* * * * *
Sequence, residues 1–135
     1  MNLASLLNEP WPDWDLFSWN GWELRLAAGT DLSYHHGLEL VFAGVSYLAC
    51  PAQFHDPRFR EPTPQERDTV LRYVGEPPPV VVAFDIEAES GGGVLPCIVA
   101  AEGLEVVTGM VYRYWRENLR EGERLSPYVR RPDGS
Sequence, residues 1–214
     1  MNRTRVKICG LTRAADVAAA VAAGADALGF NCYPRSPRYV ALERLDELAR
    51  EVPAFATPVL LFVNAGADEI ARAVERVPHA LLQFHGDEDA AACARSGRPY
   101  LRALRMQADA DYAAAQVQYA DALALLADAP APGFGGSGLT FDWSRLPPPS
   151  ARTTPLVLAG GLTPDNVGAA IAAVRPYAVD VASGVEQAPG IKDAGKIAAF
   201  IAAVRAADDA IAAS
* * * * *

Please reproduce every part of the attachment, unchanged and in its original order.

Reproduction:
Sequence, residues 1–135
     1  MNLASLLNEP WPDWDLFSWN GWELRLAAGT DLSYHHGLEL VFAGVSYLAC
    51  PAQFHDPRFR EPTPQERDTV LRYVGEPPPV VVAFDIEAES GGGVLPCIVA
   101  AEGLEVVTGM VYRYWRENLR EGERLSPYVR RPDGS
Sequence, residues 1–214
     1  MNRTRVKICG LTRAADVAAA VAAGADALGF NCYPRSPRYV ALERLDELAR
    51  EVPAFATPVL LFVNAGADEI ARAVERVPHA LLQFHGDEDA AACARSGRPY
   101  LRALRMQADA DYAAAQVQYA DALALLADAP APGFGGSGLT FDWSRLPPPS
   151  ARTTPLVLAG GLTPDNVGAA IAAVRPYAVD VASGVEQAPG IKDAGKIAAF
   201  IAAVRAADDA IAAS